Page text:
In reviewing the court's action in granting judgment on the evidence we must consider the evidence from the perspective favoring the non-moving party to determine whether there was introduced evidence of probative value on each element of the claim such that a reasonable jury might have found for the opponent of the motion. Haidri v. Egolf (1982), Ind. App., 430 N.E.2d 429.

As a prelude to deciding whether the trial court erred it is necessary to understand the relationship between the owner, the contractor, and Johns. In this regard certain pretrial admissions by Johns become important. In his response to requests for admissions, Johns admitted that: (1) he was employed by the contractor on the date of his injury, and (2) that he took instruction and direction from the contractor. These admissions support the trial court's characterization of the parties' relationship as one of owner-independent contractor rather than as one of master-servant. The characterization is important since Indiana courts follow the rule that:

"Generally, one is not liable for the acts or negligence of another unless the relation of master and servant exists between them. Thus, where a party exercising independent employment causes injury to another, the person employing that party will not be liable in damages for injury resulting from such party's wrongful acts or omissions. Allison v. Huber, Hunt and Nichols, Inc. (1977), 173 Ind.App. 41, 362 N.E.2d 193."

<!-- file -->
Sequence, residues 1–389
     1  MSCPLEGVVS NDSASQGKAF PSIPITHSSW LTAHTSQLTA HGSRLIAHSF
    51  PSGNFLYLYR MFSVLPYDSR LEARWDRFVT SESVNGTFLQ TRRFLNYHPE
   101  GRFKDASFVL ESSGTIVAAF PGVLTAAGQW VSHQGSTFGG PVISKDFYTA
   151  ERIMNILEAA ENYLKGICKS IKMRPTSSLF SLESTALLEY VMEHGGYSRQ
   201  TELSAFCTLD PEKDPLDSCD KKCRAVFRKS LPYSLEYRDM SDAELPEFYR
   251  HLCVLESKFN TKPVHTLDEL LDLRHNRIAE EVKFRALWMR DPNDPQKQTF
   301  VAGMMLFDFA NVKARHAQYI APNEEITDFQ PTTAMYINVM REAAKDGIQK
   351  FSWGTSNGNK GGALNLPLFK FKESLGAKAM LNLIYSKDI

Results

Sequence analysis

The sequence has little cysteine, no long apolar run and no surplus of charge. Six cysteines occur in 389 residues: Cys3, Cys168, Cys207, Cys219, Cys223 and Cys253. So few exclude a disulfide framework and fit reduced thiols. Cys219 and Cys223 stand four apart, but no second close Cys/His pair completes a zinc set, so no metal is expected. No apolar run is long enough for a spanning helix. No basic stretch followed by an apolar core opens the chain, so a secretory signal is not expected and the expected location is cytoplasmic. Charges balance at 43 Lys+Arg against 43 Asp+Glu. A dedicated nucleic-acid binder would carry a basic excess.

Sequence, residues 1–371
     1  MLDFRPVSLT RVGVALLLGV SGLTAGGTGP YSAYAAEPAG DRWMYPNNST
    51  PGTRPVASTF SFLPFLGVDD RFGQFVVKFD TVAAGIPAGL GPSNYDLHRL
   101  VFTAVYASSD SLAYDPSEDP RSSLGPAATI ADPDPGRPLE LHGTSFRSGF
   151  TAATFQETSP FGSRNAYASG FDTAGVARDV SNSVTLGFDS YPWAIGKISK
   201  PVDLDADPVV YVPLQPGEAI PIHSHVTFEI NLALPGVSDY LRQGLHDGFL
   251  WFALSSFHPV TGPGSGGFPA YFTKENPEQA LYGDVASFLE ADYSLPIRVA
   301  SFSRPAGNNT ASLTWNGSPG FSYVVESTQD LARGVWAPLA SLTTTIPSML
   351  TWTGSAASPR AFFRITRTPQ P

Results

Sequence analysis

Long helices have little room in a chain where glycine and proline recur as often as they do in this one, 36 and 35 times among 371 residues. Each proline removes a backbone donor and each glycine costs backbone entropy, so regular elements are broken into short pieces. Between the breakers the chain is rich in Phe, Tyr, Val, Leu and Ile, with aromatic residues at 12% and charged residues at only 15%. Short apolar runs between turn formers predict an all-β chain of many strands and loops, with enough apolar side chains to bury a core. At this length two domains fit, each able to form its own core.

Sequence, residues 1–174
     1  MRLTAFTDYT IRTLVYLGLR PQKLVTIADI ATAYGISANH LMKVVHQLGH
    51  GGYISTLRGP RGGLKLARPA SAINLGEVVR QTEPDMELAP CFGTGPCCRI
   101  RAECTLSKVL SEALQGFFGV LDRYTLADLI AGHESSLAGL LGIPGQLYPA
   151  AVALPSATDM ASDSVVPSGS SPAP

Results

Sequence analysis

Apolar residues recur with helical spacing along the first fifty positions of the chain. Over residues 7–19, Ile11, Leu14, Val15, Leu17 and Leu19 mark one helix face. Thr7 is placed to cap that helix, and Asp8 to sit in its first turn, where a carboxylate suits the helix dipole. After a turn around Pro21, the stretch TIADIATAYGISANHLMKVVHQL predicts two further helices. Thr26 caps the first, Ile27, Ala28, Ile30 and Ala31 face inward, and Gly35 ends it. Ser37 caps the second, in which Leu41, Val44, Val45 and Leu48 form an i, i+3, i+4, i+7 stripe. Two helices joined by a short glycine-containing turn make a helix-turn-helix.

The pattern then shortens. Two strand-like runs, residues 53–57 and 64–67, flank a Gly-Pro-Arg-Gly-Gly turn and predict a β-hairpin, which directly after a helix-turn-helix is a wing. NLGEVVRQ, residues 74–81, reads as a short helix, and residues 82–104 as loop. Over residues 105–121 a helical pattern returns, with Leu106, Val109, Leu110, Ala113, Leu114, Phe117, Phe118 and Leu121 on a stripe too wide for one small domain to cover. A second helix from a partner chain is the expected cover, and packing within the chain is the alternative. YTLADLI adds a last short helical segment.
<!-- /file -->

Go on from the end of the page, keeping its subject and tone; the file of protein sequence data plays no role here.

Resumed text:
Perry v. Northern Ind. Pub. Serv. Co. (1982) Ind. App., 433 N.E.2d 44, 46. See also Prest-O-Lite Co. v. Skeel (1914), 182 Ind. 593, 106 N.E. 365, 367; Cummings v. Hoosier Marine Properties, Inc. (1977), 173 Ind.App. 372, 363 N.E.2d 1266, 1277; Hale v. Peabody Coal Co. (1976), 168 Ind.App. 336, 343 N.E.2d 316, 320-21; Jones v. Indianapolis Power & Light Co. (1973), 158 Ind.App. 676, 304 N.E.2d 337, 343; Scott Const. Co. v. Cobb (1928), 86 Ind.App. 699, 159 N.E. 763, 765.

Johns does not dispute the existence of the general rule; rather he argues that the owner should be liable for his injuries according to the "intrinsically dangerous work" exception to that rule. This exception was first noted in Scott, supra, 159 N.E. at 765 where the court said the general rule "... does not apply in the following cases: (1) Where the contract requires the performance of work intrinsically dangerous; ... ." See also Perry, 433 N.E.2d at 47; Cummings, 363 N.E.2d at 1274; Jones, 304 N.E.2d at 343-44. This exception, like others to the general rule,1 exemplifies a situation where liability may not be delegated to an independent contractor. Perry, 433 N.E.2d at 47.

The "intrinsically dangerous work exception" has been discussed in several Indiana cases. In Jones, supra, the court said:

"Intrinsic or inherent danger possesses a special meaning in the law. It can not be used to describe circumstances and conditions which are not natural, ever-present components of the instrumentality itself, but are merely dangers arising from casual or collateral negligence of others. Neal v. Home Builders, Inc. (1953), 232 Ind. 160, 111 N.E.2d 280; Black's Law Dictionary, p. 921 (West 4th Ed. 1951)."

304 N.E.2d at 344. In Cummings, supra, the court said: